ALBUQUERQUE — At 9 a.m. on Saturday, Charlotte Salazar who’s son was attacked by a cougar, will speak up in support of the New Mexico Department of Game and Fish’s proposal to increase hunting of bears and cougars in the state and she won’t be doing it alone. As the mother of a wildlife attack victim, she has recently reached out to citizens from across New Mexico and has formed a new group called New Mexicans for Proactive Wildlife Predator Management. And the group is beginning to grow momentum with close to 400 members in just one week.
When asked why she started this group, Salazar said: “One month after my son’s attack in the Sandia Mountains, a man was killed and eaten by a cougar near Silver City and yet again, the following month a third victim was attacked by a cougar in Taos. Also, there have been 5 bear attacks in the past 2 months, most notable a woman being dragged from her tent in the Sandia Mountains, in the same area where my son was attacked.”
Since her son’s attack, Salazar has been researching predator attacks in New Mexico. She has found that attacks by bears and cougars are no longer as rare as New Mexicans are led to believe. She has been urging the Game and Fish to take a “hard look” at predator populations across the state, and their recent studies prove that bear and cougar populations have been grossly underestimated, with now 11 percent more bears and 74 percent more cougars.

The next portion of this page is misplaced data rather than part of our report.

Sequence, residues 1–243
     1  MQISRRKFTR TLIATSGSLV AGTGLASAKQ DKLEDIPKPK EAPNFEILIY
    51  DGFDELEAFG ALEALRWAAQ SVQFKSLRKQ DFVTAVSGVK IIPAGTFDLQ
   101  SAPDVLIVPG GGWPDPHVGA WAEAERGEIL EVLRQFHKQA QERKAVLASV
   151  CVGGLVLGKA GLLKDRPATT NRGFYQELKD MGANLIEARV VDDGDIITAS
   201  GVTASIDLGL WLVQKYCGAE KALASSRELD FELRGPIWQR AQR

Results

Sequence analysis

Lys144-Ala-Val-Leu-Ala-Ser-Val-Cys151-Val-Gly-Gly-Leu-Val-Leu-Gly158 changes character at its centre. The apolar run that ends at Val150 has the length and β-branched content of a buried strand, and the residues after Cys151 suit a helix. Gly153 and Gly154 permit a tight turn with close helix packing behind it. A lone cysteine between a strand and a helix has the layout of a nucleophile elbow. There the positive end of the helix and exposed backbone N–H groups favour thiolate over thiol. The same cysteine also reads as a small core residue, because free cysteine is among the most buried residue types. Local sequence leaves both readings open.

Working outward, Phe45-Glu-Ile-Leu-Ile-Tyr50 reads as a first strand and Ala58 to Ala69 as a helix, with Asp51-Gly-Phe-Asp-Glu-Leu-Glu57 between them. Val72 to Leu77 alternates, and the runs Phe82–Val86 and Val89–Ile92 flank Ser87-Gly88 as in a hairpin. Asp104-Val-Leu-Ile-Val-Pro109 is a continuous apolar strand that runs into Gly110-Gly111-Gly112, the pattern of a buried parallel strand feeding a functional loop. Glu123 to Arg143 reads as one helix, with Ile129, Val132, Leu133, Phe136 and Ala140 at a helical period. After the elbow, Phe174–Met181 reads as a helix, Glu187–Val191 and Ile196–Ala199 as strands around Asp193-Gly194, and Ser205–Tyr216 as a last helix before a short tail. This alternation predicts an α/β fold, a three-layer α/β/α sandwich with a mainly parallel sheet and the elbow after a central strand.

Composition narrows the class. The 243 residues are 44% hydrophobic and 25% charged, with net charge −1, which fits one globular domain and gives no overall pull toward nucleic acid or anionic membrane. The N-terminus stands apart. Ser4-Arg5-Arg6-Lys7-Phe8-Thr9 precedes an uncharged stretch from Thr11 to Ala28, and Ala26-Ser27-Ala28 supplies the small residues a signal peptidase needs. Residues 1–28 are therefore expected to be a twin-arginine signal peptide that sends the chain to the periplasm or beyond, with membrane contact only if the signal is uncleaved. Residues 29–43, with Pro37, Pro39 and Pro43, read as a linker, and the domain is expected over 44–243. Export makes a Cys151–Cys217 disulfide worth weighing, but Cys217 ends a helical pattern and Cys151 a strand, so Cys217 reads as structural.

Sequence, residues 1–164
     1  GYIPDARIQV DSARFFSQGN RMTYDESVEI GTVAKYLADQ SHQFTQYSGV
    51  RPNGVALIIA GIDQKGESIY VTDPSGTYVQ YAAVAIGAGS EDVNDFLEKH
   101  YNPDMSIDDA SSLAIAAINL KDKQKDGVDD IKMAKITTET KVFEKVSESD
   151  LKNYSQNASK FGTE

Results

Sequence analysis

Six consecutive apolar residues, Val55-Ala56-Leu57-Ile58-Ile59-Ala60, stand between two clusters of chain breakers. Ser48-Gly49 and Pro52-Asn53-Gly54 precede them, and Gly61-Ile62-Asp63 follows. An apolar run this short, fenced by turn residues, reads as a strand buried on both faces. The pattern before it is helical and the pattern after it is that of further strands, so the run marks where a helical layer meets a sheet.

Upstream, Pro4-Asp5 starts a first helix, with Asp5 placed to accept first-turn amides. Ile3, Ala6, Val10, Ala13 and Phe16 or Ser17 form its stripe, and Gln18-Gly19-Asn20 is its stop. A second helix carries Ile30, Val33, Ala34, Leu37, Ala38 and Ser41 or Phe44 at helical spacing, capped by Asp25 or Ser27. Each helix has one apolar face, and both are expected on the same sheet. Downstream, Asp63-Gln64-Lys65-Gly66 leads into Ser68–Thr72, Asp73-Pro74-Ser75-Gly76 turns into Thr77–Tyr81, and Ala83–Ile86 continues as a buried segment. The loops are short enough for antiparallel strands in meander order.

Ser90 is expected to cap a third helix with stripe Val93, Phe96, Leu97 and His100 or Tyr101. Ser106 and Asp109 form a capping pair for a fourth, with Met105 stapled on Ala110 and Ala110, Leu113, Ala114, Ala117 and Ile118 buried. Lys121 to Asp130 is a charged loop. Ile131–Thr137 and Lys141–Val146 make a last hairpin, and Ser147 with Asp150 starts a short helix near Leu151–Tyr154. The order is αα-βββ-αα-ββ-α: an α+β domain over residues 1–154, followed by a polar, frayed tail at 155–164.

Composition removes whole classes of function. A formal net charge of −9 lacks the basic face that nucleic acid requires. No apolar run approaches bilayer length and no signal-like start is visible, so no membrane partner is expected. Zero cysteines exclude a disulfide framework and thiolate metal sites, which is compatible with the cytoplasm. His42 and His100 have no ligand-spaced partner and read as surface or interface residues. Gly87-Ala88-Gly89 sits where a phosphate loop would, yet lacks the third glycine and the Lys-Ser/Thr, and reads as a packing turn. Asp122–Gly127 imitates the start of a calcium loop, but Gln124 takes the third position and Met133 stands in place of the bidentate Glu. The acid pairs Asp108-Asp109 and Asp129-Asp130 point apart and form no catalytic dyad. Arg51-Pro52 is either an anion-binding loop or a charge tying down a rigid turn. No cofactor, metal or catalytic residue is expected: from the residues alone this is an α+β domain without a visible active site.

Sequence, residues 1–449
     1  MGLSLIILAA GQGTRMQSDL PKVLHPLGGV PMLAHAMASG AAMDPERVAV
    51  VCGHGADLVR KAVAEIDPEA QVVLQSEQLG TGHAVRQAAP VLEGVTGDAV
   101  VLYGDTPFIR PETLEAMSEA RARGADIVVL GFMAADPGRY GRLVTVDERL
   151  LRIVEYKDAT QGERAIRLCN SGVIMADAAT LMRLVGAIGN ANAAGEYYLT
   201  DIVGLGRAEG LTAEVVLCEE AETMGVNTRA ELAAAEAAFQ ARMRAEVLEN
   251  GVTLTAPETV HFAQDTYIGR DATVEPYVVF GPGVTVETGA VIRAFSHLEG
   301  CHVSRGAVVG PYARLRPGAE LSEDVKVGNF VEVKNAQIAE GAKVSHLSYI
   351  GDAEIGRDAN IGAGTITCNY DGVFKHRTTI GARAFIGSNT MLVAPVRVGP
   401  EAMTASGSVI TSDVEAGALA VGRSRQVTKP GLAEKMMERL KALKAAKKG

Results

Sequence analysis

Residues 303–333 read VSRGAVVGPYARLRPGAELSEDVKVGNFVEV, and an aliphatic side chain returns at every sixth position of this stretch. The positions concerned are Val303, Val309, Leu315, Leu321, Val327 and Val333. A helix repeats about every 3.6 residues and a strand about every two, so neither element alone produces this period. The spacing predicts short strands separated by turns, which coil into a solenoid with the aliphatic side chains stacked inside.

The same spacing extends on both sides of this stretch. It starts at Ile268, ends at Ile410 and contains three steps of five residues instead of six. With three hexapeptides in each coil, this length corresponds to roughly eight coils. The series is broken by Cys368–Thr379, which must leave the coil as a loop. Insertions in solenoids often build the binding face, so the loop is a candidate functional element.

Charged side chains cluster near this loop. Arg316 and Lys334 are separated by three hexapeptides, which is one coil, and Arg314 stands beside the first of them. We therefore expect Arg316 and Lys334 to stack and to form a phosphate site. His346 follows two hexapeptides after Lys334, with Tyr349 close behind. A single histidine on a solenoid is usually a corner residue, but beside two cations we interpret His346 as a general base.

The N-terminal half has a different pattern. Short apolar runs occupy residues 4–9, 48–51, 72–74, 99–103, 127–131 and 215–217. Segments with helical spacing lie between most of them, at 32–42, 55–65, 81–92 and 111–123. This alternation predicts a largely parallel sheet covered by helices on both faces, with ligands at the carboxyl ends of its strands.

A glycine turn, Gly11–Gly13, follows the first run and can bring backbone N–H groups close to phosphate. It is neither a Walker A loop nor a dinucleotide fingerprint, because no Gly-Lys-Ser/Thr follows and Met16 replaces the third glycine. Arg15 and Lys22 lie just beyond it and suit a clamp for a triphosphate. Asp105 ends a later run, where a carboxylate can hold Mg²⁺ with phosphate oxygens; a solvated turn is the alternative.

Now the New Mexico Department of Game and Fish is proposing changes to the hunting rules to increase the number of bears and cougars hunted throughout the state.
“I have read the hunting proposal, and these are good, well thought out changes being proposed by the state’s top wildlife experts. These new hunting rules will not exterminate or eradicate bears and cougars from New Mexico; they will simply help to restore balance to the ecosystem while proactively addressing public safety,” Salazar said.
For more information and to join Charlotte Salazar’s cause, you may friend ‘New Mexicans for Wildlife Predator Management’ on Facebook or email Charlotte Salazar at email@example.com.
Public comment on the proposed bear and cougar hunting rules may be emailed to firstname.lastname@example.org. The public comment period ends September 30, 2010.
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